• Some really silly items, like revoking tax-exempt status and denying federal benefits to terrorist organizations. Are we to believe that Islamic Jihad is shaking cans outside of department stores to raise money?

  • Expanding civil asset forfeiture laws (I hate these laws in general).

  • Most disturbing, you can be expatriated if the government says you're a member of a terrorist organization. And since you're no longer a citizen, you're out from under what little protection the Constitution still provides.

This draft and it's analysis is disturbing - I urge you to read the original Patriot Act, then read the draft of the Domestic Security Enhancement Act, and make up your own mind. Then go to the ACLU's Action Alert site and send a free fax to your Congressmen, and tell them to stop this. Now.

Sunday, February 23, 2003

AN article in Sunday's Seattle Times piqued my interest - here we have a major newspaper running a story about a libertarian plan I've heard about in other places, and not being too demeaning or derogatory.

It's called the Free State Project, and it works like this - get twenty thousand or more libertarians to move to one state, and start running for office. Once in office, start applying the libertarian agenda while in those offices - slash entitlements and taxes, cut regulations and red-tape, and instill the values of freedom and liberty. After a while, the state should prosper, attracting more liberty people to it. In short, make an example of the state.

The state chosen would be a sparsely populated one and already have some libertarian principles operating - states mentioned include New Hampshire (no sales or income tax), Maine (has a coastline), Wyoming, Idaho, and Montana (all three are sparsely populated). The people are volunteers - currently there are around twenty-six hundred already signed up. Once they hit the five thousand mark, they pick the state. Once they hit the twenty thousand mark, everyone moves and the experiment is on.

Why do I call it an experiment? Because for the first time since the American Revolution, a truly libertarian politcal body will be in process of birth. The closest the world has been to that ideal in the modern world is Hong Kong.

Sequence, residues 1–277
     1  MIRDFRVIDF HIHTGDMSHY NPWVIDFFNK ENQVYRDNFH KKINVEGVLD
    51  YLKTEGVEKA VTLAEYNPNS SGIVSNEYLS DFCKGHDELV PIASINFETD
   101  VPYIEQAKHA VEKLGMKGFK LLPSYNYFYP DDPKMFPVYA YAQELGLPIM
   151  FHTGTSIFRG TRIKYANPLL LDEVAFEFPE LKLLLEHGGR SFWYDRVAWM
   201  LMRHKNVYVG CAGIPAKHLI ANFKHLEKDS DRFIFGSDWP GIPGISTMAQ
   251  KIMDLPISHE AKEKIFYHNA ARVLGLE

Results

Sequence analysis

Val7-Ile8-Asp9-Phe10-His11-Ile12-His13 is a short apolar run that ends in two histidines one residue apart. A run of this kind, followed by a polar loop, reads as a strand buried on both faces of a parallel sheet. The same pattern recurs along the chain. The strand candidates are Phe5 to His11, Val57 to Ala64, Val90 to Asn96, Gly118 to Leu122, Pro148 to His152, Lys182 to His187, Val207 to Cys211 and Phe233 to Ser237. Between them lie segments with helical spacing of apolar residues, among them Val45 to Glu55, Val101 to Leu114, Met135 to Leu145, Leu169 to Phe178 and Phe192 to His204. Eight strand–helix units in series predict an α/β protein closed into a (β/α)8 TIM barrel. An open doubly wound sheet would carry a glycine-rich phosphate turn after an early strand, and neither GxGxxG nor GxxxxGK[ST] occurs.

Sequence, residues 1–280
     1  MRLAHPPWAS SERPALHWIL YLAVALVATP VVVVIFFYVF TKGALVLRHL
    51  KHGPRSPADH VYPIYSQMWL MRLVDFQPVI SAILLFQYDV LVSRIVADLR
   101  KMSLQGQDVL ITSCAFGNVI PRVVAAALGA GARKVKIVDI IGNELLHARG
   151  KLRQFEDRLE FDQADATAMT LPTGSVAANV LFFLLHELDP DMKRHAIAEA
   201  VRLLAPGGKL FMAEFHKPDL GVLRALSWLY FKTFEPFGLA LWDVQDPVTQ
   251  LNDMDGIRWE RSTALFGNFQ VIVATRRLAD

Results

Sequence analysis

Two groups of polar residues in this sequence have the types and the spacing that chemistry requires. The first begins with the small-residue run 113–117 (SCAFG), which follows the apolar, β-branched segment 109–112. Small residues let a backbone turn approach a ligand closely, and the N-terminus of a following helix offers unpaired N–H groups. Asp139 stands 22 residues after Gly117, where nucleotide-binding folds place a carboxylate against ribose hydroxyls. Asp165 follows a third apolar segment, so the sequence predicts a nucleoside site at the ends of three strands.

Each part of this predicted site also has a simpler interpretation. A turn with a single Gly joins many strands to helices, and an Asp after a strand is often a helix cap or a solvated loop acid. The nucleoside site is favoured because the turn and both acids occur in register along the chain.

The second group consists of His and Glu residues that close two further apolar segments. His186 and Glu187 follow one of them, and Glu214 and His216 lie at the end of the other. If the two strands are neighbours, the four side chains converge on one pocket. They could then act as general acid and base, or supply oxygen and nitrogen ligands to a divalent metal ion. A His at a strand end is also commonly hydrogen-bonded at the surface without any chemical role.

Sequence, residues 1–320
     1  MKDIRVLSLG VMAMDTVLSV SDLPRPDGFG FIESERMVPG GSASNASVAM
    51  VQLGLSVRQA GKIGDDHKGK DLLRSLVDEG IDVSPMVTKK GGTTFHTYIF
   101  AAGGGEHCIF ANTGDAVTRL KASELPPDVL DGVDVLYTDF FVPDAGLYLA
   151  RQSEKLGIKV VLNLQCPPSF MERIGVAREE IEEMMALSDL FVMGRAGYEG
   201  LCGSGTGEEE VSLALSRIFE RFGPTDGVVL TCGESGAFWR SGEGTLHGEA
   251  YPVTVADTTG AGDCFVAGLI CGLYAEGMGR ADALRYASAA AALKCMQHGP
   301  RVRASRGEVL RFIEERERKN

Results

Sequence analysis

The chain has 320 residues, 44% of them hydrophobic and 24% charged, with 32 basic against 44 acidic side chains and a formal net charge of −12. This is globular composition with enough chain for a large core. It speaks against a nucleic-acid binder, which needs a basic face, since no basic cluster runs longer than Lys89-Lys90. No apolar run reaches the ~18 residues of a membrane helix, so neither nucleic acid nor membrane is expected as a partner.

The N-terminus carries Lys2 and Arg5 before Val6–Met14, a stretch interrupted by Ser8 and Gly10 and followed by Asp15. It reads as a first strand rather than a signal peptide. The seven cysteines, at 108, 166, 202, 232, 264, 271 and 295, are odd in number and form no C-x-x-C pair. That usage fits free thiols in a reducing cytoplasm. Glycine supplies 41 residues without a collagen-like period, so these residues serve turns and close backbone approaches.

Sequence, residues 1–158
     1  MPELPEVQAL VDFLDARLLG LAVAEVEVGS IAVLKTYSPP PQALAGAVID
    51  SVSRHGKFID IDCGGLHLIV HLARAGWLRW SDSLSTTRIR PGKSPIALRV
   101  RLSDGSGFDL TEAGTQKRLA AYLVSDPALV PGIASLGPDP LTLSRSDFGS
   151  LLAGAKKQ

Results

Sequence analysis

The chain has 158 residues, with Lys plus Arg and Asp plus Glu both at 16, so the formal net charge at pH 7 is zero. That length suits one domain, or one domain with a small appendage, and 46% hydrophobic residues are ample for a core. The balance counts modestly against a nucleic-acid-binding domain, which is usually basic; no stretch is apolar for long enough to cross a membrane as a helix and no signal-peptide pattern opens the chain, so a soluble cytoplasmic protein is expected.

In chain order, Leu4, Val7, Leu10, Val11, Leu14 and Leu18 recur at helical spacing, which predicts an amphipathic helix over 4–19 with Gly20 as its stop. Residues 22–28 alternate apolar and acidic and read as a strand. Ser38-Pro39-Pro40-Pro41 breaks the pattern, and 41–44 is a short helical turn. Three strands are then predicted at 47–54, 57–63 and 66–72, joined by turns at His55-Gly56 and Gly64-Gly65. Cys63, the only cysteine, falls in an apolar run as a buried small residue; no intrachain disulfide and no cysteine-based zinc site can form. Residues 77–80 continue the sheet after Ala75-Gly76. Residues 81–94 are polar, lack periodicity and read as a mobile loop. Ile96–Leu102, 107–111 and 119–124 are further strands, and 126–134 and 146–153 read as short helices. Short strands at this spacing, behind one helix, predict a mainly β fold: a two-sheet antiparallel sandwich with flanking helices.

My one problem with the story is the use of the word "nuttiness" to describe the project's founder, Jason Sorens, even if it was meant to be a compliment. That type of editorializing in a serious reporting story is yellow - the reporter, one Marego Athans with the Baltimore Sun should be ashamed, as should her editor.

I support this movement - my wife have discussed signing up for it. It will be a few years before they're ready to move - the article reports that the Free State Project expects to hit the twenty thousand mark by 2005. Hopefully, my wife and I will be ready when they are.

Read the article, peruse the Free State Project's website (read the FAQ - it's worth it), and make up your own mind.

Saturday, February 22, 2003

Some background on me before we get too far.

I consider myself a rabid libertarian. I believe that government is best that governs least. I was a member of the Libertarian Party, but I became very disillusioned with the party when I saw they were actually no different that the Republicans or Democrats. I believe Thomas Jefferson was right - a little revolution every now and then is a good thing.

Anyway, I live in Seattle, work for a major software company (yeah, that one), and am married with a daughter in college.